We can talk all we want about trends: more and more law schools are embracing the need to introduce technical skills to their curriculum. But what do those programs look like in action?
Whether it’s a mature, battle-tested course that’s been in place for years or a new one just beginning to take off, faculty are getting creative with the ways they teach legal technology, data analysis, and e-discovery to their students. To get some insight into just how these lessons are playing out, we connected with Janice Hollman and a few of our Relativity Academic Partners. Check out these examples from the spectrum of modern academic offerings for tomorrow’s attorneys.
One Course or Many?
Jeff Salling, an adjunct professor at The John Marshall Law School, has been leading the school’s e-discovery course for three years. It’s been in place for seven.
“We were an earlier adopter of this subject than most,” he explained. “This is an important issue for our students, no matter what area of law they practice in. Everything is going to touch on these concepts.”
Jeff’s program focuses on a single, comprehensive course that offers students an opportunity to understand the whole spectrum of e-discovery. “We talk about case law, Sedona, data security, and information governance, and we get into Relativity to say ‘Here’s what these projects actually look like, and here’s what you’re expected to do as a reviewer, associate, or even a partner.’
“I have one goal,” says Jeff. “To inspire students to think outside the box and consider what they can bring to a firm, whether they’re working with five attorneys or 500.”
The result is that every John Marshall student can get a taste of end-to-end e-discovery concepts.
Meanwhile, Cleveland-Marshall College of Law’s Brian Ray, professor of law and director of the Cybersecurity and Privacy Protection Center, is building a larger-scale program within an optional cybersecurity and data privacy concentration.
A co-founder of the Cleveland e-Discovery Roundtable, Brian was itching to bring in-depth offerings on e-discovery and cybersecurity subjects to Cleveland-Marshall students.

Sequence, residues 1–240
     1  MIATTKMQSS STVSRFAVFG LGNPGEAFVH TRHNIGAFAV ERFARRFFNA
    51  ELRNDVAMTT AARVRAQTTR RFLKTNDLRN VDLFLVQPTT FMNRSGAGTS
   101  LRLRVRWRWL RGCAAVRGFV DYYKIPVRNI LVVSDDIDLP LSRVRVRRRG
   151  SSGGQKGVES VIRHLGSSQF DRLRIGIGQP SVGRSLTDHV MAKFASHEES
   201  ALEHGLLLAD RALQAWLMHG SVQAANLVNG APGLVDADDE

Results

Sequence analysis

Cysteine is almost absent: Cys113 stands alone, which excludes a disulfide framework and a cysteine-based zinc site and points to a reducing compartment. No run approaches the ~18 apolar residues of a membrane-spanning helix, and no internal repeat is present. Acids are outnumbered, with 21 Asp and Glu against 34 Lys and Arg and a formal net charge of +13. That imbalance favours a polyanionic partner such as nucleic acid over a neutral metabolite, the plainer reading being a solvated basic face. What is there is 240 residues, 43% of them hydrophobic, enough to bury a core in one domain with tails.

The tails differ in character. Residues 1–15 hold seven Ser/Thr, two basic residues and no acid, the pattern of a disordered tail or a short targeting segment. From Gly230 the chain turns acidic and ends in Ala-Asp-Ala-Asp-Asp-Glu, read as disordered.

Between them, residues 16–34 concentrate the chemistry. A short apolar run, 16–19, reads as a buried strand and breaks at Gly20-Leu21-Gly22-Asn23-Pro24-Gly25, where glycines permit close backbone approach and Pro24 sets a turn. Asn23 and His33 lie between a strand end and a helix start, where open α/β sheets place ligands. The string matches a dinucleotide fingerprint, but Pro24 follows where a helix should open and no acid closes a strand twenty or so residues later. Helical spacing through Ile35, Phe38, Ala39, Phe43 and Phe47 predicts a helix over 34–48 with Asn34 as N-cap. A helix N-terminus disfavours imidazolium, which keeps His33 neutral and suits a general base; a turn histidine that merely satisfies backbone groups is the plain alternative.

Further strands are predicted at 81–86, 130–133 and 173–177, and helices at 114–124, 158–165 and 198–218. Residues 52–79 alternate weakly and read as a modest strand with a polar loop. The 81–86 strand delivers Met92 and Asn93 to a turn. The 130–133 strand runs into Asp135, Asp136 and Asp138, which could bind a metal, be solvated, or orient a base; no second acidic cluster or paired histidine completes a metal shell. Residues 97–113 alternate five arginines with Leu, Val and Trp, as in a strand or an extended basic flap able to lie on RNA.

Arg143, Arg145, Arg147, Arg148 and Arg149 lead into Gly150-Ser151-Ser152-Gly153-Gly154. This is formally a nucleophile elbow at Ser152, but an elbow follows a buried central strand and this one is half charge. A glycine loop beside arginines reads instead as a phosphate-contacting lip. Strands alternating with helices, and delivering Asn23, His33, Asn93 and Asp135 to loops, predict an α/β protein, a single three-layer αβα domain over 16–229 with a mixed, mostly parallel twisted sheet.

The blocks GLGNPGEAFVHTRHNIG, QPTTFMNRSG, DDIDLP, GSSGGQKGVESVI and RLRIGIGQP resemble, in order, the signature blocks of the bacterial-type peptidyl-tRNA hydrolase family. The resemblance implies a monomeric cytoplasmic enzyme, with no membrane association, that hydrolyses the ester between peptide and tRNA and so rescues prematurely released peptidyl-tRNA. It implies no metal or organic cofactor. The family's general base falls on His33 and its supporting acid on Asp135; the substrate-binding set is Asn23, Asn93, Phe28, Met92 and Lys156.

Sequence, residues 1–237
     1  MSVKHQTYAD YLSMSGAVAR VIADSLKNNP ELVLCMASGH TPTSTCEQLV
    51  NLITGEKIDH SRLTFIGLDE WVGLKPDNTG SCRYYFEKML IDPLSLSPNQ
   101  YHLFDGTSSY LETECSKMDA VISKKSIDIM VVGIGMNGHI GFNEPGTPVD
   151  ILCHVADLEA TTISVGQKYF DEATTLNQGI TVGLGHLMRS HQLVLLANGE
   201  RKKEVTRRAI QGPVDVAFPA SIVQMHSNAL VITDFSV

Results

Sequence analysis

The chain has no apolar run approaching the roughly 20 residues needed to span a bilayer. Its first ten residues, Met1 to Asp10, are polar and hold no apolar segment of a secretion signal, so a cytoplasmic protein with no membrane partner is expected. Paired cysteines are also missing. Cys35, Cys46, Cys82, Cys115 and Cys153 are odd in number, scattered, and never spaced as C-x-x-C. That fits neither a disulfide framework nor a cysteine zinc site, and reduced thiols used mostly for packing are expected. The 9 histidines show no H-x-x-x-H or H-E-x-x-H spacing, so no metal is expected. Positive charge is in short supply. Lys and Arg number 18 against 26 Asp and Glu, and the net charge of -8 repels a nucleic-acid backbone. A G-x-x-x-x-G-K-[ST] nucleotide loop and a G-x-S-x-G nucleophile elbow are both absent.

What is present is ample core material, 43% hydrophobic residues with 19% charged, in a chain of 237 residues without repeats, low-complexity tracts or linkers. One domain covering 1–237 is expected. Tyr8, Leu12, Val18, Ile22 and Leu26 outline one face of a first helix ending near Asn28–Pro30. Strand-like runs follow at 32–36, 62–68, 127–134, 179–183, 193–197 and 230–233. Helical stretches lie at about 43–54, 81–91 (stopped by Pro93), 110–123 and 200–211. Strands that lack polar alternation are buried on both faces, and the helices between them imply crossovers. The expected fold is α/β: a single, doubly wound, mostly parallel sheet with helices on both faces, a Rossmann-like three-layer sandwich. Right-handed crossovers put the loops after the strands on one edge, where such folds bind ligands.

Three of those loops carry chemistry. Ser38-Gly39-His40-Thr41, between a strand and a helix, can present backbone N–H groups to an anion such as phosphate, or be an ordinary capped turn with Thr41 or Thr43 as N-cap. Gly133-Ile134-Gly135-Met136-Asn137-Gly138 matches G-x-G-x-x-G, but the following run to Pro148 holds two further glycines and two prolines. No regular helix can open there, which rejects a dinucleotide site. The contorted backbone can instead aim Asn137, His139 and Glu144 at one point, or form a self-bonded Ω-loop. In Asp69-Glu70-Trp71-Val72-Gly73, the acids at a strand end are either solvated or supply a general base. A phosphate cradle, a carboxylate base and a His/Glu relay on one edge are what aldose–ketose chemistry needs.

“Even the practicing attorneys in our area recognized that this is an area most lawyers and judges don’t understand, and there was a need for structured conversation and advice,” Brian noted. “When one student who was also a full-time IT professional pointed out the security pitfalls in new technology affecting election law in a colleague’s class, my colleague and I decided to put a formal academic offering together. A grant came along for e-discovery program development, and we ultimately combined IG [information governance] and e-discovery, which led to our founding of the Center for Cybersecurity and Privacy Protection.”
Since launching the center with an annual conference in 2016, Brian and his colleagues have been building an array of technology-related courses. Covering everything from HIPAA and compliance issues to data security analysis, students pursuing Cleveland-Marshall’s cybersecurity and data privacy concentration will be able to select from nearly a dozen highly specialized courses in the coming years.
This means students with a special interest in a legal technology career path will have a wealth of in-depth knowledge before they leave the classroom.
Coordination Between Faculty
As with any other subject, it makes sense for one or two passionate instructors to take the reins on a technology offering. Still, buy-in and support from other faculty can be crucial in giving students a comprehensive learning experience that prepares them for the real world.